In my very limited experience overseeing a staff, I’ve noticed that when I hire students, they seem a little unfamiliar with how a healthy 1-to-1 supervisor/employee relationship should work. Or at least, how I’d like it to work. So I’m writing this list to help me gather my thoughts, and maybe set up a training document to avoid this confusion in the future. Hopefully, some young professionals (jesus am I already disqualifying myself from that category?) will find this helpful as they step into the working world for the first time. So, let’s get started, shall we?
- You were hired because I need help. This means that while I’ll try to start off slow, you are expected to eventually be capable of handling your assigned tasks independently. Someday, I want to be able to take a vacation, knowing that the work is safe in your hands.
- Yes I am testing you, but don’t stress about it. While it’s true that everything I ask you to do is a test to see what you know and what you can handle, that isn’t because I want you to look stupid or fail. I’m determining how many of my responsibilities I can safely entrust with you, as well as evaluating where you need more guidance and supervision. I can’t teach you until I know what you need to learn. With that in mind, and this is the most important thing…
- If you don’t know, ask. If you’ve already been told, but aren’t 100% sure, ask. If you are nervous about something, ask. If you are just curious, ask! As human beings, there is a lot we don’t know. That’s totally okay! Admitting ignorance is the quickest way to remedy it. Also, I’m not a NASA mission control operator. By that I mean, sometimes my instructions aren’t perfectly clear the first time. If you don’t understand, ask me to clarify. If there is any chance that you may make a mistake because you didn’t understand the instructions, drop what you are doing and ask me before moving forward. I promise to never pass judgement. Stopping to ask for help is always faster than making a mistake and having to start a task over from the beginning.
- I don’t know everything. While yes, I’ve spent years gathering experience and striving to do this job as efficiently and effectively as possible, when I say there isn’t a better way to do something, all that means is that I can’t think of a better way to do it. If you CAN, then I want to hear it. However…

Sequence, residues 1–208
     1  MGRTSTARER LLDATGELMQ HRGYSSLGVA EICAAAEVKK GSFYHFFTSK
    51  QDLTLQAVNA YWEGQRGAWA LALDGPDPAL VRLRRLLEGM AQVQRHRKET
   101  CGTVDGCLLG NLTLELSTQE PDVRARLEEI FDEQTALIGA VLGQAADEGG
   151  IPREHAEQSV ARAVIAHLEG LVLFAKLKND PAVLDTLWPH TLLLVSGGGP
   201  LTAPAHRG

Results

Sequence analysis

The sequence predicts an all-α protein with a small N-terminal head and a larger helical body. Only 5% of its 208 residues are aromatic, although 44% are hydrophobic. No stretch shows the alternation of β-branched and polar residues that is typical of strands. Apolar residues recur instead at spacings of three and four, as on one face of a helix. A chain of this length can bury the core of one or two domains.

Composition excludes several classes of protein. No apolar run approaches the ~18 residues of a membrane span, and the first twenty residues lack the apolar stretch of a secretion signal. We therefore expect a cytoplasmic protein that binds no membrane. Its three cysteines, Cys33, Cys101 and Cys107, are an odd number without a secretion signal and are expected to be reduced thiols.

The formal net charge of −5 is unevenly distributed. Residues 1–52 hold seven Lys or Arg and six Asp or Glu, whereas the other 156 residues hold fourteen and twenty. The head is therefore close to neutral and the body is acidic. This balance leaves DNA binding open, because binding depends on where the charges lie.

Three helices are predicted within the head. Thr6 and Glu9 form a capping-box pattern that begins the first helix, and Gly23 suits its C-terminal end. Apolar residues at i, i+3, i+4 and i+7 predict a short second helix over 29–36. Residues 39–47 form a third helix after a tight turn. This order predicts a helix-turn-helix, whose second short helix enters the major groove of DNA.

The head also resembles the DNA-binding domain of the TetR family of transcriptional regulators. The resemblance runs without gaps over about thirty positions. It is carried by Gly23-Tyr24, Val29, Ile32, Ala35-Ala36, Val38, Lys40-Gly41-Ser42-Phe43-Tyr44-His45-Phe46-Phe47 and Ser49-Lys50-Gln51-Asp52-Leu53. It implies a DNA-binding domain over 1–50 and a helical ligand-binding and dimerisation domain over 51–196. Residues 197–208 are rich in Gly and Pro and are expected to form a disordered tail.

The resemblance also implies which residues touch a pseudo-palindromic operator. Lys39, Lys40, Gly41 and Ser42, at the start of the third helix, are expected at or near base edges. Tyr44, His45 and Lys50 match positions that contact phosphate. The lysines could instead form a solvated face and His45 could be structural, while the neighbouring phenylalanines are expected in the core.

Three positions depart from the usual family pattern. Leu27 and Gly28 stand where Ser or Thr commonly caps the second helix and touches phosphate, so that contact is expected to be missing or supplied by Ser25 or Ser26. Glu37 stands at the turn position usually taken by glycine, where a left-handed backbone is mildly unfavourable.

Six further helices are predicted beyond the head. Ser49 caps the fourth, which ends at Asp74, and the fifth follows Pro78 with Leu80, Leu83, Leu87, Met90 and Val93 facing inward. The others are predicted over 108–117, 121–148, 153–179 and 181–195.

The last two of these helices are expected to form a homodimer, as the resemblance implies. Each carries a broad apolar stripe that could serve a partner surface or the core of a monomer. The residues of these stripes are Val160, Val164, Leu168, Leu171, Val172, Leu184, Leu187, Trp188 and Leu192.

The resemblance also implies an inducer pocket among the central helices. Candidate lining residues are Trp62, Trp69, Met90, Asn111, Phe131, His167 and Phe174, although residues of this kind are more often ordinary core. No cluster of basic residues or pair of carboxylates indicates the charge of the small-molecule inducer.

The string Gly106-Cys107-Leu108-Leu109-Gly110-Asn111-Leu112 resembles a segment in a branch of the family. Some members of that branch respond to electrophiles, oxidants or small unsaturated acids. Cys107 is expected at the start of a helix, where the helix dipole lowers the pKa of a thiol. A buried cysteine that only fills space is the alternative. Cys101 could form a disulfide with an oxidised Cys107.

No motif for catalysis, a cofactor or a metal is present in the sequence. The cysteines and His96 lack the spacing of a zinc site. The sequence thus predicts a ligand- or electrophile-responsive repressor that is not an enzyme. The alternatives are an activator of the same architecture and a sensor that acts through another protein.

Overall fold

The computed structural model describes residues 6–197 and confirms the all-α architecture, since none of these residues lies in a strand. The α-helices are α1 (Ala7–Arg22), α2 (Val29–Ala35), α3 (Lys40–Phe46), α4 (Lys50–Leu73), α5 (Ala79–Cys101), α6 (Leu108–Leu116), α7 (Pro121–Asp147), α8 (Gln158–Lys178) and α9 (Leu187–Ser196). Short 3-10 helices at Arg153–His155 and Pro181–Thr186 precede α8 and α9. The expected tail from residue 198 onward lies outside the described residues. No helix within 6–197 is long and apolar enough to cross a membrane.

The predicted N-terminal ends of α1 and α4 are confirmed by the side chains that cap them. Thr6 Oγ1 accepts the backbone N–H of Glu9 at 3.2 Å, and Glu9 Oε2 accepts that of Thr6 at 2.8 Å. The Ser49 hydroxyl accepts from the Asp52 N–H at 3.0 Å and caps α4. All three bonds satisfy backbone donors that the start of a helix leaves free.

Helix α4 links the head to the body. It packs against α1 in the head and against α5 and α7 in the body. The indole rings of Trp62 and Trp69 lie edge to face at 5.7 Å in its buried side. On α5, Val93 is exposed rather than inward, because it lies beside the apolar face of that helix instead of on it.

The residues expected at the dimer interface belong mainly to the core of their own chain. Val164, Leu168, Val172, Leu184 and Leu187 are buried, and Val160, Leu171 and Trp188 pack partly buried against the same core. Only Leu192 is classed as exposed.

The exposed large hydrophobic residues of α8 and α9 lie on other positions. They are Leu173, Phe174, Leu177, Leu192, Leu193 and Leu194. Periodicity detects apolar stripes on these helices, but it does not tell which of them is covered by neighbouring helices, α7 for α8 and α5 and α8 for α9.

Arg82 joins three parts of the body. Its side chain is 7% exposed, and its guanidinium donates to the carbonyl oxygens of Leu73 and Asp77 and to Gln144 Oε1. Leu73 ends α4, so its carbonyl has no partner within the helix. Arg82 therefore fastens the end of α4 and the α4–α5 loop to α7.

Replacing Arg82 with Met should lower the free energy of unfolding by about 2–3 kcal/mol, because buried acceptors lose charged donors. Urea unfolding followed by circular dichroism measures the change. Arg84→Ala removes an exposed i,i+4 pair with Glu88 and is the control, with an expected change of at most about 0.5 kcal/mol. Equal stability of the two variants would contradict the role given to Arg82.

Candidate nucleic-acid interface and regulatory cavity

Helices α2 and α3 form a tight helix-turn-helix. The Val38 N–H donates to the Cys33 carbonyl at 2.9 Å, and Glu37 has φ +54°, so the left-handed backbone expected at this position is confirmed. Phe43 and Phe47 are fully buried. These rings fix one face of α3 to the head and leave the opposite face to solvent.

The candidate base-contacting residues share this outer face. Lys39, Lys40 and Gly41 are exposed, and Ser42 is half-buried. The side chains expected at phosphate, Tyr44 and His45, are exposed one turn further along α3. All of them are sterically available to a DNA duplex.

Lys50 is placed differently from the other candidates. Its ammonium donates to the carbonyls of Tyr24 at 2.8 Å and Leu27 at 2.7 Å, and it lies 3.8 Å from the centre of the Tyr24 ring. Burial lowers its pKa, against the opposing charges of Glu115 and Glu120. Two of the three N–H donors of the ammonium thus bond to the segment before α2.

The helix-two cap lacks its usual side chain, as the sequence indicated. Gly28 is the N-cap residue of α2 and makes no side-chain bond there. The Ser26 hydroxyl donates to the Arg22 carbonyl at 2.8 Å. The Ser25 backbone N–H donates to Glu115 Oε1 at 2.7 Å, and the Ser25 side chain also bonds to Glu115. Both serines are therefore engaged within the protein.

- All opinions must be backed by supporting evidence. Ideas that don’t have supporting arguments go by a different name—beliefs—and our job doesn’t have much room for beliefs. Do you think a different font looks better on this layout? Cool, show me why. Do you think our visitors would prefer a different layout for this exhibit? Excellent, walk me through it. I’m very open to being wrong about almost anything, but your position must be defendable, or I will ignore it.
To summarize, I don’t expect my employees to be genius savants, but I do expect them to strive hard to eventually get close. I’ve got your back, and I’m here to catch you when you fall, but I ask that you learn from your mistakes with the hope that I’ll need to catch you less and less as we grow together.
I have real ethical issues with “advertorials”. That is, advertisements sold by newspapers and magazines that are disguised as part of the publication, usually with a small “paid advertisement” at the top or bottom. They are deceptive, dishonest, and erode an already shaky faith in the integrity of journalism.
When I used to work as an ad designer for a prominent newspaper publisher, I would frequently be tasked with placing these kinds of ads, or rebuilding and updating them. Most often, they were targeted at senior citizens. These ads would come to me with headlines like "World renowned audiologist Dr. [insert name] to appear for FREE hearing consultations at [insert clinic] on [insert date]! The rest of the ad was then laid out to mimic the style of the rest of the newspaper.
In other words, completely fabricated, cut-and-paste templates intentionally designed to deceive the uninitiated into approaching the ad like a legitimate, unbiased piece of journalism.
It always made me a little sick to be a part of ads like that. Recently, my current employer experimented with a very similar advertising strategy, and I was once again responsible for the design. I’m much, much more experienced now and did a much better job, which I found myself being ashamed of.
While my employer’s intentions are much, much more noble, and their message is not targeted at the gullible, the deception inherent in this ad style still rubs me the wrong way. It’s sneaky, it’s not journalism, and it shouldn’t be allowed.